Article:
France is expected to soon rejoin NATO's military command after a 40-year absence. The French government withdrew from the NATO military structure in 1966 (although remaining a member of NATO's political-policy structure). France's new president, Nicolas Sarkozy, has placed strong emphasis on France's relationship with the United States. And, he recently declared that he would soon undertake "very strong" initiatives on European defense and give France "its full place" in NATO.
Subsequently, Defense Minister Herve Morin said that he was "convinced that European defense will make no progress unless France changes its political behaviorwithin NATO."
Then-general Dwight D. Eisenhower established NATO's Supreme Headquarters Allied Powers Europe (SHAPE) as the principal command of NATO's military forces in Paris in early 1951. The headquarters remained in the Paris area until in February 1966, when French President Charles de Gaulle stated that the changed world order had "stripped NATO of its justification" for military integration and that France was therefore justified in re-asserting its sovereignty over French territory. Consequently, all allied forces within France's borders would have to come underFrench control by April 1969.
Soon afterward, France stated that it was withdrawing from the NATO military structure and that the NATO Headquarters, the NATO Defence College, and SHAPE and its subordinate headquarters must leave French territory by April 1967. (NATO Headquarters was based in Paris, in the Palais de l'OTAN, currently occupied by the Universit Paris-Dauphine.)
Subsequently, NATO's military headquarters were relocated to Casteau, north of the Belgian city of Mons.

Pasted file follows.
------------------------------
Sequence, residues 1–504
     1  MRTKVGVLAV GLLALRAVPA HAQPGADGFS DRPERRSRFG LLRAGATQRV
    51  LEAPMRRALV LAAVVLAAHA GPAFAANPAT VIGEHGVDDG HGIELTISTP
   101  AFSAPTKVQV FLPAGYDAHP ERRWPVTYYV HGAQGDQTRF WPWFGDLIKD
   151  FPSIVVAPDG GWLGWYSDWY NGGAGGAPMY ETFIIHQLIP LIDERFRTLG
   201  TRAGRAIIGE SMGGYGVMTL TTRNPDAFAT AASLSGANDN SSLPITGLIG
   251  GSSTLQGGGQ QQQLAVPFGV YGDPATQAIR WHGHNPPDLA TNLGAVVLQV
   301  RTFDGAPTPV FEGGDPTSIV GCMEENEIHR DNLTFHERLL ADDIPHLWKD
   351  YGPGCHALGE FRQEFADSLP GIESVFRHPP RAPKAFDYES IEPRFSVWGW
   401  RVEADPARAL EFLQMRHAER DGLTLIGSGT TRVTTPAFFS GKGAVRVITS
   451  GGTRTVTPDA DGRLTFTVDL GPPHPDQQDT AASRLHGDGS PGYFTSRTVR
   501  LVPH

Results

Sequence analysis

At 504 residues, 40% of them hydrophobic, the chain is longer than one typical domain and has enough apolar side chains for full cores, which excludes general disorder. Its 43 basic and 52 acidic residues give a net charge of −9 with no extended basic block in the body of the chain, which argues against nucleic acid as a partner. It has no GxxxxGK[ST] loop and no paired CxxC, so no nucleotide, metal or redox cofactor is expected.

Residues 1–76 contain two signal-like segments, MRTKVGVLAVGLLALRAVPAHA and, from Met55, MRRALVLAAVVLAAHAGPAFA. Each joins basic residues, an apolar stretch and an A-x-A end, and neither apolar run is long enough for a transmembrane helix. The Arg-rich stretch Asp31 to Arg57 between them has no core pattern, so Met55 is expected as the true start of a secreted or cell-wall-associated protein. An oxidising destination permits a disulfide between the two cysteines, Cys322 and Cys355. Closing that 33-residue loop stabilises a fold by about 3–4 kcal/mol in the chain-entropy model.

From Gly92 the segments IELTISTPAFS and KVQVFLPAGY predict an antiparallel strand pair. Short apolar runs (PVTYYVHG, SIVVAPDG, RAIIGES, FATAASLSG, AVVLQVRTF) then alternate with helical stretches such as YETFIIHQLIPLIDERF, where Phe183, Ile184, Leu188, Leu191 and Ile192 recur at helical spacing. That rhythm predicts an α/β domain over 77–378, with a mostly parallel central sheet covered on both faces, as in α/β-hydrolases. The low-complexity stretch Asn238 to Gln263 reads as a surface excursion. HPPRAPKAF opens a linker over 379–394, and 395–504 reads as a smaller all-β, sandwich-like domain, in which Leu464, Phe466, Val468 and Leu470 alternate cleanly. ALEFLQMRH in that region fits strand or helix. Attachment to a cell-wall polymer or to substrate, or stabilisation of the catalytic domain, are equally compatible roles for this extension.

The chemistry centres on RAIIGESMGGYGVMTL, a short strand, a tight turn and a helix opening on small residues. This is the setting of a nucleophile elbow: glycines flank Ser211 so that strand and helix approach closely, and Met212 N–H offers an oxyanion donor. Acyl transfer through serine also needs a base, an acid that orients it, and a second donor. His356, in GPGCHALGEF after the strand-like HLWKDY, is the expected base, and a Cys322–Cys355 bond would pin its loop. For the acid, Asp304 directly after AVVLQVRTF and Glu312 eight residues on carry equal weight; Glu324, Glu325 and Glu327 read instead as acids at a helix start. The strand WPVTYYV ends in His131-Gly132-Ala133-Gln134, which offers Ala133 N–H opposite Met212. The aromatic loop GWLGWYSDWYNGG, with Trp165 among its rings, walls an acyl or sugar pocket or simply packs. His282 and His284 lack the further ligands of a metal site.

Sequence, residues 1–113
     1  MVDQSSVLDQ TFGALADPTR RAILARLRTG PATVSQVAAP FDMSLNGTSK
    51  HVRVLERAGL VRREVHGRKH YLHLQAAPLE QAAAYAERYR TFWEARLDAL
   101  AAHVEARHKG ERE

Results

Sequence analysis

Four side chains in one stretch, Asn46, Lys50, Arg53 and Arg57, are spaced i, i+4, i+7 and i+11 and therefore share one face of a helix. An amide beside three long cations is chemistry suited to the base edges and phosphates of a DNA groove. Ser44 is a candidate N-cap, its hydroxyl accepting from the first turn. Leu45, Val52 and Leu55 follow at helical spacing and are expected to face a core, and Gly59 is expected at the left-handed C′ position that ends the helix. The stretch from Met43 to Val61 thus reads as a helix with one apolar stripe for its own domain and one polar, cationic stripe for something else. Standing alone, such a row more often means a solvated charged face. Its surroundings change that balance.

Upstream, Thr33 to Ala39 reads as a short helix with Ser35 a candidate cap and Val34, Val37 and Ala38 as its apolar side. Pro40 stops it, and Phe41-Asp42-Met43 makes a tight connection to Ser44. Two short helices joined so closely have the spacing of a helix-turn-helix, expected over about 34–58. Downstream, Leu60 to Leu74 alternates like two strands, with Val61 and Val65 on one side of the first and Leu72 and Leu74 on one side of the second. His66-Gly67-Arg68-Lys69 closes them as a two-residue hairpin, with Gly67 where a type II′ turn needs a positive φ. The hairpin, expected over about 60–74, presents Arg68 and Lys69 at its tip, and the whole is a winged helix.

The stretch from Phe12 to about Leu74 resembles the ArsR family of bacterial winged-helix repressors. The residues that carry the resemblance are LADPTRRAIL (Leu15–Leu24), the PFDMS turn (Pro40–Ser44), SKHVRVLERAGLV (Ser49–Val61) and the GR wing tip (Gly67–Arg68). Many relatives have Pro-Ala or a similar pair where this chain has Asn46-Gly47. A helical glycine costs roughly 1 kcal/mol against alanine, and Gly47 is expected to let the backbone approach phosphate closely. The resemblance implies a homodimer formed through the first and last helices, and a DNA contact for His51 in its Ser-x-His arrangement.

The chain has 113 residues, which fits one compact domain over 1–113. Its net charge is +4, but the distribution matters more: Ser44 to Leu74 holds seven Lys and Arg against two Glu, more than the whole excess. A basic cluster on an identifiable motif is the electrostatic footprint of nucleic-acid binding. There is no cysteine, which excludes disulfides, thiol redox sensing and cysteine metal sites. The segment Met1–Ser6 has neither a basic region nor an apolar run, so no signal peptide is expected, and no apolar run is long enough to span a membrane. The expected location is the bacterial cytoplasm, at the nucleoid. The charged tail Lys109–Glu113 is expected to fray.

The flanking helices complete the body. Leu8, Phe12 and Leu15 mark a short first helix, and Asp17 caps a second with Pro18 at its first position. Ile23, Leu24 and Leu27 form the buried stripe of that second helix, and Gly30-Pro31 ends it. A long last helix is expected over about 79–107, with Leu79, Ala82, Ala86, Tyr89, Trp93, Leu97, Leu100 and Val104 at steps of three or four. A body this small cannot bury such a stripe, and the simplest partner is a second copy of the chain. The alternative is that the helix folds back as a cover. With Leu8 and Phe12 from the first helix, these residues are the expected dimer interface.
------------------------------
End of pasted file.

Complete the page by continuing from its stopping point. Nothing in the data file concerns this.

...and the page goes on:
Despite having withdrawn from the NATO military structure, French naval forces conducted bilateral exercises with other NATO navies, including the U.S. Navy. And, certain U.S.-French weapon agreements were undertaken, especially for upgrading American-built tanker aircraft and ship-launched missiles. The French joined other NATO forces in the Bosnia conflict as well as the 1991 assault on Iraq to free Kuwait, which Iraqi forces had taken over the previous summer.
Although the previous French government was not supportive of the 2003 U.S. invasion of Iraq, the French did send forces to Afghanistan. However, earlier this year France withdrew its 200-strong special forces from Afghanistan; those ground troops were participating in the U.S anti-terror operation code-named Enduring Freedom. The then-Defense Minister Michele Alliot-Marie said, "There is a general reorganization of our [troops]." However, the 1,100 French troops engaged in the separate, NATO-led International Security Assistance Force remain in Afghanistan.
U.S. forces have also worked with French forces in Djibouti in northeast Africa. (Djibouti is a small, impoverished republic just north of the Horn of Africa on the strait of Bab el-Mandeb. It is bordered by Ethiopia, Somalia, and Eritrea, an area of great political and economic turmoil.)
The United States has used the French military-air base in Djibouti for several combat and support operations in the region. Indeed, the case can be made thatdespite its public stance?the French have been most helpful to several U.S. military activities.